If you want to know who really controls Sensorion SA (EPA:ALSEN), then you'll have to look at the makeup of its share registry. With 53% stake, private equity firms possess the maximum shares in the company. In other words, the group stands to gain the most (or lose the most) from their investment into the company.
As a result, private equity firms collectively scored the highest last week as the company hit €159m market cap following a 15% gain in the stock.
Let's delve deeper into each type of owner of Sensorion, beginning with the chart below.
What Does The Institutional Ownership Tell Us About Sensorion?
Institutional investors commonly compare their own returns to the returns of a commonly followed index. So they generally do consider buying larger companies that are included in the relevant benchmark index.
Sensorion already has institutions on the share registry. Indeed, they own a respectable stake in the company. This implies the analysts working for those institutions have looked at the stock and they like it. But just like anyone else, they could be wrong. If multiple institutions change their view on a stock at the same time, you could see the share price drop fast. It's therefore worth looking at Sensorion's earnings history below. Of course, the future is what really matters.
Hedge funds don't have many shares in Sensorion. Artal Group S.A. is currently the largest shareholder, with 33% of shares outstanding. Meanwhile, the second and third largest shareholders, hold 19% and 6.6%, of the shares outstanding, respectively.
To make our study more interesting, we found that the top 2 shareholders have a majority ownership in the company, meaning that they are powerful enough to influence the decisions of the company.
Researching institutional ownership is a good way to gauge and filter a stock's expected performance. The same can be achieved by studying analyst sentiments. There are plenty of analysts covering the stock, so it might be worth seeing what they are forecasting, too.
Insider Ownership Of Sensorion
The definition of an insider can differ slightly between different countries, but members of the board of directors always count. The company management answer to the board and the latter should represent the interests of shareholders. Notably, sometimes top-level managers are on the board themselves.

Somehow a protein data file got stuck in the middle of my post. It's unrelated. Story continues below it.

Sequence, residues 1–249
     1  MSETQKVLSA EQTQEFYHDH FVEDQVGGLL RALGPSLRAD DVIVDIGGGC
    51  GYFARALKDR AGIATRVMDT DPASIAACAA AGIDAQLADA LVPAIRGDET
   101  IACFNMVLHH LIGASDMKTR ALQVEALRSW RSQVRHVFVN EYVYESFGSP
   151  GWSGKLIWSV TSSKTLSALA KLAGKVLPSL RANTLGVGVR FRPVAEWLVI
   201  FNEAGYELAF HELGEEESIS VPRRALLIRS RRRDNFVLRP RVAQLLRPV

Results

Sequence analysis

Insider ownership is positive when it signals leadership are thinking like the true owners of the company. However, high insider ownership can also give immense power to a small group within the company. This can be negative in some circumstances.
We note our data does not show any board members holding shares, personally. It is unusual not to have at least some personal holdings by board members, so our data might be flawed. A good next step would be to check how much the CEO is paid.
General Public Ownership
The general public, who are usually individual investors, hold a 21% stake in Sensorion. This size of ownership, while considerable, may not be enough to change company policy if the decision is not in sync with other large shareholders.
Private Equity Ownership
With a stake of 53%, private equity firms could influence the Sensorion board. Some might like this, because private equity are sometimes activists who hold management accountable. But other times, private equity is selling out, having taking the company public.
Public Company Ownership
It appears to us that public companies own 16% of Sensorion. This may be a strategic interest and the two companies may have related business interests. It could be that they have de-merged. This holding is probably worth investigating further.
While it is well worth considering the different groups that own a company, there are other factors that are even more important. Take risks for example - Sensorion has 4 warning signs (and 1 which makes us a bit uncomfortable) we think you should know about.
Ultimately the future is most important. You can access this free report on analyst forecasts for the company.
NB: Figures in this article are calculated using data from the last twelve months, which refer to the 12-month period ending on the last date of the month the financial statement is dated. This may not be consistent with full year annual report figures.
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This article by Simply Wall St is general in nature. We provide commentary based on historical data and analyst forecasts only using an unbiased methodology and our articles are not intended to be financial advice. It does not constitute a recommendation to buy or sell any stock, and does not take account of your objectives, or your financial situation. We aim to bring you long-term focused analysis driven by fundamental data. Note that our analysis may not factor in the latest price-sensitive company announcements or qualitative material. Simply Wall St has no position in any stocks mentioned.